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2011 International Conference on Languages, Literature and Linguistics

IPEDR vol.26 (2011) © (2011) IACSIT Press, Singapore

An Account of Sources of Errors in Language Learners’ Interlanguage

Ebrahim Shekhzadeh1∗, Majid Gheichi2

English Language Deparment, Damavand Branch, Islamic Azad University, Iran
English Language Department, Sanandaj Branch, Islamic Azad University, Sanandaj, Iran

Abstract: EFL learners' errors are a major area of study in the field of contrastive linguistics and SLA
research. In this article, a roughly representative account of the significance and importance of errors has been
provided. Various volumes by specialists in applied linguistics, language teaching, and SLA research have
been used as authoritative sources of information to provide as comprehensive an account of interlanguage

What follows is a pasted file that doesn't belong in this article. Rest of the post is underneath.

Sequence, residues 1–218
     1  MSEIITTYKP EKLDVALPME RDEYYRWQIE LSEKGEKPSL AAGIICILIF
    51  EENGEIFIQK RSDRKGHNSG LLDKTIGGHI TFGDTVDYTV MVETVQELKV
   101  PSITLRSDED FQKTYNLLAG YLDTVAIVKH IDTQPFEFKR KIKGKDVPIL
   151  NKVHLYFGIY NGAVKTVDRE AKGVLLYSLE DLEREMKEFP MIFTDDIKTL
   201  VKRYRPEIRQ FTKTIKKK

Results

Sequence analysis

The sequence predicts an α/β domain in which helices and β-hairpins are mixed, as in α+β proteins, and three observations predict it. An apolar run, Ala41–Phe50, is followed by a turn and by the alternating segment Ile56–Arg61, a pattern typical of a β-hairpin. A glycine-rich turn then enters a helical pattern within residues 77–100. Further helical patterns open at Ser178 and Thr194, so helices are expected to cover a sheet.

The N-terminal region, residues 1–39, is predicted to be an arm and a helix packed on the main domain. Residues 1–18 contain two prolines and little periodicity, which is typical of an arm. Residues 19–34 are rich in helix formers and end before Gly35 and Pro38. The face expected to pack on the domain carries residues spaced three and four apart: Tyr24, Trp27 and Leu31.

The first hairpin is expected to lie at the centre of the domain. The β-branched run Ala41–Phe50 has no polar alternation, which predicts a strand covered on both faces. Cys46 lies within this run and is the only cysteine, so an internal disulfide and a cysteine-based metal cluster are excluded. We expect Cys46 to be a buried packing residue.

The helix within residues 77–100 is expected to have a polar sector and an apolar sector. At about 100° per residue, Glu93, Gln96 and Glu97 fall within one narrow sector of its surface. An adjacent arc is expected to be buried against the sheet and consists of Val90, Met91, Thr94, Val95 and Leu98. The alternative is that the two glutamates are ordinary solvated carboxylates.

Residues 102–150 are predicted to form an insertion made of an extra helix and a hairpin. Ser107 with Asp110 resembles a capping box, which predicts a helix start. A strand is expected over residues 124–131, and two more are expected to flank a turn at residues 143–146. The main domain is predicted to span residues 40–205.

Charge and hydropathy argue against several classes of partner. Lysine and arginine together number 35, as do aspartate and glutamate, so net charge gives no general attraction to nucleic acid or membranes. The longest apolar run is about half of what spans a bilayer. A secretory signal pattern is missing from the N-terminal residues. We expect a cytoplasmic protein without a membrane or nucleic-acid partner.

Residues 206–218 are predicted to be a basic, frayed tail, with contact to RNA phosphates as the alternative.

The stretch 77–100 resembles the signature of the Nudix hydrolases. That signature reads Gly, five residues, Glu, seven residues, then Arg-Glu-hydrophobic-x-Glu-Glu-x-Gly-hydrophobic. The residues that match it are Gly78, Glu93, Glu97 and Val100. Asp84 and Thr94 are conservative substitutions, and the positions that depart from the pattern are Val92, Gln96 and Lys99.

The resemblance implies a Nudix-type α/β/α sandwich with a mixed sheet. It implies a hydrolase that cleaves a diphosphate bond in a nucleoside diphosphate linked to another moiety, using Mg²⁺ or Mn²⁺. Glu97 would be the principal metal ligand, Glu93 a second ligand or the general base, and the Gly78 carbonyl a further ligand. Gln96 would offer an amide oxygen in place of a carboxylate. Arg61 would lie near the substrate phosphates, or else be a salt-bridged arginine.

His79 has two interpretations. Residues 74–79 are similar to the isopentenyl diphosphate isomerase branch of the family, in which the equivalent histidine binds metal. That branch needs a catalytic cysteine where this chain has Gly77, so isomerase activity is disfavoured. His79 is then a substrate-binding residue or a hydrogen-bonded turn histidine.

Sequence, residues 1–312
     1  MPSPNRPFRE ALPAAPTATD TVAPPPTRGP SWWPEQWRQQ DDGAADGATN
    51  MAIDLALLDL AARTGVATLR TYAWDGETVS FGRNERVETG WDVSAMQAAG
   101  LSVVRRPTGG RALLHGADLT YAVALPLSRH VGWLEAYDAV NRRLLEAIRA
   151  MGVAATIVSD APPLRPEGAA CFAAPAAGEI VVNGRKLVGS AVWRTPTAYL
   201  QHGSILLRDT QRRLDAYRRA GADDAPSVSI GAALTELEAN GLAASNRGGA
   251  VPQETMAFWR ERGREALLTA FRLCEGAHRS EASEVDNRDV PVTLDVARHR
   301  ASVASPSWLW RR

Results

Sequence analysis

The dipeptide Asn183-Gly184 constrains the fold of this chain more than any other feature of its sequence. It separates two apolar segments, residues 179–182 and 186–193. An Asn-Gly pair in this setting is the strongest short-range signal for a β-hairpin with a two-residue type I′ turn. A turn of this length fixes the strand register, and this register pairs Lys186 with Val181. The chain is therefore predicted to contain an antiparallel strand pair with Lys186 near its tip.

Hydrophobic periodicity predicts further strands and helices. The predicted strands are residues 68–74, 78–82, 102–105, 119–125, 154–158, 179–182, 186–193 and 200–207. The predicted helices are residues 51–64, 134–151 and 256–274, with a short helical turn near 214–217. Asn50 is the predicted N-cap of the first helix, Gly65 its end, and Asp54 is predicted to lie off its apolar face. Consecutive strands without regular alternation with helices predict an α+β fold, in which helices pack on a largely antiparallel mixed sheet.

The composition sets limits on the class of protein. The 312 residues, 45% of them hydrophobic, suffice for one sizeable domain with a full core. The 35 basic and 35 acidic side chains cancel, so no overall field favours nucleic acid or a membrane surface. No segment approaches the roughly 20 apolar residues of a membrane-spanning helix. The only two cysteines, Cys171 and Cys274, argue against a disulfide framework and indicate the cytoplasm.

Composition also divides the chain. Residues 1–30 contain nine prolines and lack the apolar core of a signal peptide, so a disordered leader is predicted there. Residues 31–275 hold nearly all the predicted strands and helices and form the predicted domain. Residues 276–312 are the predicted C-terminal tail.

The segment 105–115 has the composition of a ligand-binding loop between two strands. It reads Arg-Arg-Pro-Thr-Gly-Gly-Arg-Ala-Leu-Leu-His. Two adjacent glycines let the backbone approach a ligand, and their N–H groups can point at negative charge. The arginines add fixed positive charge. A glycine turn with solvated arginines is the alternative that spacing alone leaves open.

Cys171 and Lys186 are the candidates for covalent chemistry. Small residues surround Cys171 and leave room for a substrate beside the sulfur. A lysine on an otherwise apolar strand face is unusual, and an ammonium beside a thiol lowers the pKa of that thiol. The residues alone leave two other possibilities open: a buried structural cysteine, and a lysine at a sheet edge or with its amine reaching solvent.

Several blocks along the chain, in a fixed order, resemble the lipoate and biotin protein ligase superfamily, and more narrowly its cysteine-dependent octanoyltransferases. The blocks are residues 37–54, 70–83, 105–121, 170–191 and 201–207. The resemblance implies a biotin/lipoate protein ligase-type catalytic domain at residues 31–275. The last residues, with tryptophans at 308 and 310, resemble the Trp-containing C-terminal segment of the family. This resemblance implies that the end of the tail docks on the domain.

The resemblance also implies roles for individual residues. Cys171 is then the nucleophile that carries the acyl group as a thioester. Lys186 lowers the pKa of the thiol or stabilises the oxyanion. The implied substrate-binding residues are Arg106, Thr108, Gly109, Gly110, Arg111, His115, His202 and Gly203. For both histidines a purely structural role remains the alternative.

errors as possible. In the course of the discussion it becomes clear that the sources of errors are no longer sought
merely in the language learners' mother tongue ( i.e., negative transfer from L1 ). But, unlike the traditional
beliefs, it has become evident that mother tongue interference is not the sole source of errors, and there are
many other sources from which errors originate. In this article, the writer has tried not only to show the
importance of errors in EFL learners' speech and writing but also to present a clearly-depicted and
comprehensive framework regarding the sources of these errors so as to help readers especially teachers to
recognize such sources easily and quickly and be able both to predict the critical interlingual and intralingual
aspects which contribute to learners' erroneous linguistic behavior and to deal with their errors effectively and
Key words: learners' errors, sources of error, contrastive analysis, L1 transfer/mother tongue interference,
interlingual and intralingual errors